Pearl mullets, an endemic fish species found only in Lake Van in the east of Turkey, have once again embarked on their challenging journey against the tide of life, swimming inversely upstream to get to freshwater to spawn their babies.
Come warm, sunny spring, the annual migration of the only fish species living in the highly carbonated waters of Lake Van begins. The fish begin spawning from April 15 to July 15, and the race to produce healthy offspring for the continuation of the species soon commences.
Known scientifically as alburnus tarichi, and also commonly as tarek, Van fish or “inci kefalı” by the Turks, pearl mullets are truly tested by their habitat. The salinity of the water hinders them from reproducing in the largest soda/alkaline lake on Earth. So, they migrate through the lake’s tributaries to spawn. This transition is a challenge in itself as, if the switch from salty to fresh water is too sudden, it can be lethal. Hence, the fish wait it out to adjust to the new conditions. With no food in sight and under the constant threat of being eaten alive by predators such as seagulls and water snakes, soon begins their bumpy ride.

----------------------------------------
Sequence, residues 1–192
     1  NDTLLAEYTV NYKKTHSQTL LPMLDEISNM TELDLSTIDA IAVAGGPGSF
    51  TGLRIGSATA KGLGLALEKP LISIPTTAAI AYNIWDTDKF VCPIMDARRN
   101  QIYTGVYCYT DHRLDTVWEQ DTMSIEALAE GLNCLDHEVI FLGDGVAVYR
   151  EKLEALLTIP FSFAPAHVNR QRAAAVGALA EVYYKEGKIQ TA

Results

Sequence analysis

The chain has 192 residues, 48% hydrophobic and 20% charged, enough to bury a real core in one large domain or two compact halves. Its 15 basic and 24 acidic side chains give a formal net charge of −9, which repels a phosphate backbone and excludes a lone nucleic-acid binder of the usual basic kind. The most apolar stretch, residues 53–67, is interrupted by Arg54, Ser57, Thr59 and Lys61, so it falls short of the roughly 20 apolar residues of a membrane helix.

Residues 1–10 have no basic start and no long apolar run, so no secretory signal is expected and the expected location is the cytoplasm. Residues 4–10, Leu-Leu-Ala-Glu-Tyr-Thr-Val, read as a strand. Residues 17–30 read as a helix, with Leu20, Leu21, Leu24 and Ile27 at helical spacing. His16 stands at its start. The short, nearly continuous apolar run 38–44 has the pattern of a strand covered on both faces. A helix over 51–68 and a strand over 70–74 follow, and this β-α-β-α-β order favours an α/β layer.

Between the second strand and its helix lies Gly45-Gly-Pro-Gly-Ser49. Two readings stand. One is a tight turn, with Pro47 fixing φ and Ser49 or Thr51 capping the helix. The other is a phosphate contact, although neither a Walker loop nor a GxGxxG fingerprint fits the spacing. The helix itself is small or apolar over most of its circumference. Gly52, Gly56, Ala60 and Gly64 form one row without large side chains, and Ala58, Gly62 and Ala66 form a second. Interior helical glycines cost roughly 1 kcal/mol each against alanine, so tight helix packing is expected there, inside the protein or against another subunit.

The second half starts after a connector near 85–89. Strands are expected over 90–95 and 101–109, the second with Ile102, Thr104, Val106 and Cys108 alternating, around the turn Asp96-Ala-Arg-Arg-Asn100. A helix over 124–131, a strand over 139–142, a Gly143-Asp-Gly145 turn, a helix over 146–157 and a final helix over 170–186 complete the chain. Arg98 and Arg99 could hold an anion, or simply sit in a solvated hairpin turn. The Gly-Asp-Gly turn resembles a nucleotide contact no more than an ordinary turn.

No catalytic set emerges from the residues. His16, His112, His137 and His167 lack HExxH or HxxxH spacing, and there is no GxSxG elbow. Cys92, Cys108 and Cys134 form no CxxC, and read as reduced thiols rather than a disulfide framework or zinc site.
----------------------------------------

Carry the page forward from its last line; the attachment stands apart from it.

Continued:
Measuring about 20 centimeters in length, the lively mullets try to jump four times higher than their size, overcoming obstacles including a 70-cm-high waterfall on their way to lay their eggs. Once the females manage to lay their eggs, the males follow them to leave milt. Then, in about a week, new baby fish will hatch into the world. They return to the lake within a month.
During May and June, the fish migrate from the lake to the rivers for spawning. (iStock Photo)
Like in past years, relevant institutions and security forces are taking every precaution necessary at the lakeside to ensure that the pearl mullet does not get targeted by poaching fishermen.
This year, however, due to the novel coronavirus, silence prevails in the fish dam, which was created in the area of Deli Çay in Erciş District, where normally thousands of people witness the tough travel of pearl mullet every year.
A lecturer at the faculty of aquaculture of Van Yüzüncü Yıl University, Mustafa Akkuş said, “These beautiful displays are of great importance both for the continuance of fisheries in Lake Van and for the development of ecotourism in our region.”
Around 110,000 tourists visited the area last year during Ramadan Bayram, also known as Eid al-Fıtr, Akkuş said, expressing hope that after the pandemic is over new visitors will flock to the lake.